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5 Put to death, therefore, whatever in you is earthly: fornication, impurity, passion, evil desire, and greed (which is idolatry).
5. Mortify therefore. Hitherto he has been speaking of contempt of the world. He now proceeds further, and enters upon a higher philosophy, as to the mortification of the flesh. That this may be the better understood, let us take notice that there is a twofold mortification. The former relates to those things that are around us. Of this he has hitherto treated. The other is inward — that of the understanding and will, and of the whole of our corrupt nature. He makes mention of certain vices which he calls, not with strict accuracy, but at the same time elegantly, members. For he conceives of our nature as being, as it were, a mass made up of different vices. They are, therefore, our members, inasmuch as they in a manner stick close to us. He calls them also earthly, alluding to what he had said — not the things that are on earth, (Colossians 3:2,) but in a different sense. “I have admonished you, that earthly things are to be disregarded: you must, however, make it your aim to mortify those vices which detain you on the earth.” He intimates, however, that we are earthly, so long as the vices of our flesh are vigorous in us, and that we are made heavenly by the renewing of the Spirit.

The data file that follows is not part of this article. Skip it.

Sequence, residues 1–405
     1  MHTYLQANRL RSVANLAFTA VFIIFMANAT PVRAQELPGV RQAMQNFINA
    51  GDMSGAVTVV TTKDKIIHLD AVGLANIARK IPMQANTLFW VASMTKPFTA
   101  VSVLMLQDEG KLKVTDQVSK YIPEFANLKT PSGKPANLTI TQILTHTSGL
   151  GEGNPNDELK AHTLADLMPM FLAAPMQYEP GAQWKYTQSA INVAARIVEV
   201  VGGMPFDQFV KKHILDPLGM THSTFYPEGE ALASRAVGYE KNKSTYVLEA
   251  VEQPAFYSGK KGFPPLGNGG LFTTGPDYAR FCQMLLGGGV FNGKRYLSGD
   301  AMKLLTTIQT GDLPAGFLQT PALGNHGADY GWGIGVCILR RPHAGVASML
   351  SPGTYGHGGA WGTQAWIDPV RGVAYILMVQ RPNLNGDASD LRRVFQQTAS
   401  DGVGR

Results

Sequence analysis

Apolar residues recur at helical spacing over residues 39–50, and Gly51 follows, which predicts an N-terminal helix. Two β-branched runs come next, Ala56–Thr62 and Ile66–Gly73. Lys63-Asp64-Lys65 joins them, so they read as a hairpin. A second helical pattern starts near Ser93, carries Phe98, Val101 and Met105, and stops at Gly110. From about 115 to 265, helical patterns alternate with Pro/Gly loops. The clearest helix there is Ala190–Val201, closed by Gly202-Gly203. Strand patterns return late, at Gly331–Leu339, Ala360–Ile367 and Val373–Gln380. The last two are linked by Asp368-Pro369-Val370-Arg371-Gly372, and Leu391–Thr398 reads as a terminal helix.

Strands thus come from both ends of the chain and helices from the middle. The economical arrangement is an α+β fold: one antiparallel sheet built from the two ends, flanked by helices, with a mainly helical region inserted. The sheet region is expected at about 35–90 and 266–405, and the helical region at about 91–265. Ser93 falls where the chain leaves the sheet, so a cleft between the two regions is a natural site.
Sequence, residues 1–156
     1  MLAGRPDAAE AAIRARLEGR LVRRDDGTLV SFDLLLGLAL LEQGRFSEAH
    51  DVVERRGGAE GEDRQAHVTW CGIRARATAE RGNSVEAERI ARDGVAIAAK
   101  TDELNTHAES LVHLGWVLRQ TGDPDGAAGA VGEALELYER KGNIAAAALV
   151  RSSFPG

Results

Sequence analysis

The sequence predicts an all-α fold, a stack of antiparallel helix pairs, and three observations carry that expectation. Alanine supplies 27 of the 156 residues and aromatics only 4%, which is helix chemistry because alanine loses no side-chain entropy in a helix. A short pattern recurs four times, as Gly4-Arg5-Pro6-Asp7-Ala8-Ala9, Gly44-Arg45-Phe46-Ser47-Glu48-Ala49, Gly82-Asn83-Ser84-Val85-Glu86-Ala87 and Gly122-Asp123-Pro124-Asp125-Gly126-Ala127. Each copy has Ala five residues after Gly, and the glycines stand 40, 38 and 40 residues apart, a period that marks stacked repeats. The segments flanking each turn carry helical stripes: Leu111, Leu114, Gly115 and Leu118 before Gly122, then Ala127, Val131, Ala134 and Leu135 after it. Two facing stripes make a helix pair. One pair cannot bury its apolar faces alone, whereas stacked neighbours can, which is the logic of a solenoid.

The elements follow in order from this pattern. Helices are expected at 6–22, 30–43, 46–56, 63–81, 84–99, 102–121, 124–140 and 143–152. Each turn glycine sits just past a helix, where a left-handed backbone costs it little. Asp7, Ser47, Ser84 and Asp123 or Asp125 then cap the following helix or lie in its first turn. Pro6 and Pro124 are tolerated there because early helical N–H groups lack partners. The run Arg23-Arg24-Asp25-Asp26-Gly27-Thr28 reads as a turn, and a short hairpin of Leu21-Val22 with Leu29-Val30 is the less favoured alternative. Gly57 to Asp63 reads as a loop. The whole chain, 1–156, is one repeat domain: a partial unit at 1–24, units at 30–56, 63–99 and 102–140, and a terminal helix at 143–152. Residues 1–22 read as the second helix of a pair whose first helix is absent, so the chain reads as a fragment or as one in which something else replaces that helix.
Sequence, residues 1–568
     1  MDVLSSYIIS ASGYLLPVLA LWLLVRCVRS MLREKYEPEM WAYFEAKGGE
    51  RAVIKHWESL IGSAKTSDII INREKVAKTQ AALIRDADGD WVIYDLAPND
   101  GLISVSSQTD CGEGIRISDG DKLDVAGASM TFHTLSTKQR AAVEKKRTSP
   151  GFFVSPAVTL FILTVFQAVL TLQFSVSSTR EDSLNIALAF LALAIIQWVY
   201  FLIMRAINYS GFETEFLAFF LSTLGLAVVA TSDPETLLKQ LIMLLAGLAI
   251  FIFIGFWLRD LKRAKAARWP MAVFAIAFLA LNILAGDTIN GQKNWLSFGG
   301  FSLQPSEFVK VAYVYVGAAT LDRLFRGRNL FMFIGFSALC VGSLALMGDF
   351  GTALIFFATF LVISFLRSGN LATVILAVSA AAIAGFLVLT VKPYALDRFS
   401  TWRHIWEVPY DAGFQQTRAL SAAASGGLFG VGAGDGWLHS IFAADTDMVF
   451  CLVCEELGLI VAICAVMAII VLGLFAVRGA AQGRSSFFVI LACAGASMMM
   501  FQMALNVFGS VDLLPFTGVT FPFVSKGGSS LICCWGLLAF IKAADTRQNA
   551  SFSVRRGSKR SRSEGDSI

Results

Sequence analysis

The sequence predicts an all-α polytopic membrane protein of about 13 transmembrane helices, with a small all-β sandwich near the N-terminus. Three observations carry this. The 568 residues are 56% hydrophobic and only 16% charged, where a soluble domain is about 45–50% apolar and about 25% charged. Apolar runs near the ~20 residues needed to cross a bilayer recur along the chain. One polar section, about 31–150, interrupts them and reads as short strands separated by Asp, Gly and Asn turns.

After fornication he adds uncleanness, by which term he expresses all kinds of wantonness, by which lascivious persons pollute themselves. To these is added, πάθος that is, lust, which includes all the allurements of unhallowed desire. This term, it is true, denotes mental perturbations of other kinds, and disorderly motions contrary to reason; but lust is not an unsuitable rendering of this passage. As to the reason why covetousness is here spoken of as a worshipping of images, 436436 “Est appelee Idolatrie;” — “Is called Idolatry.” consult the Epistle to the Ephesians, that I may not say the same thing twice.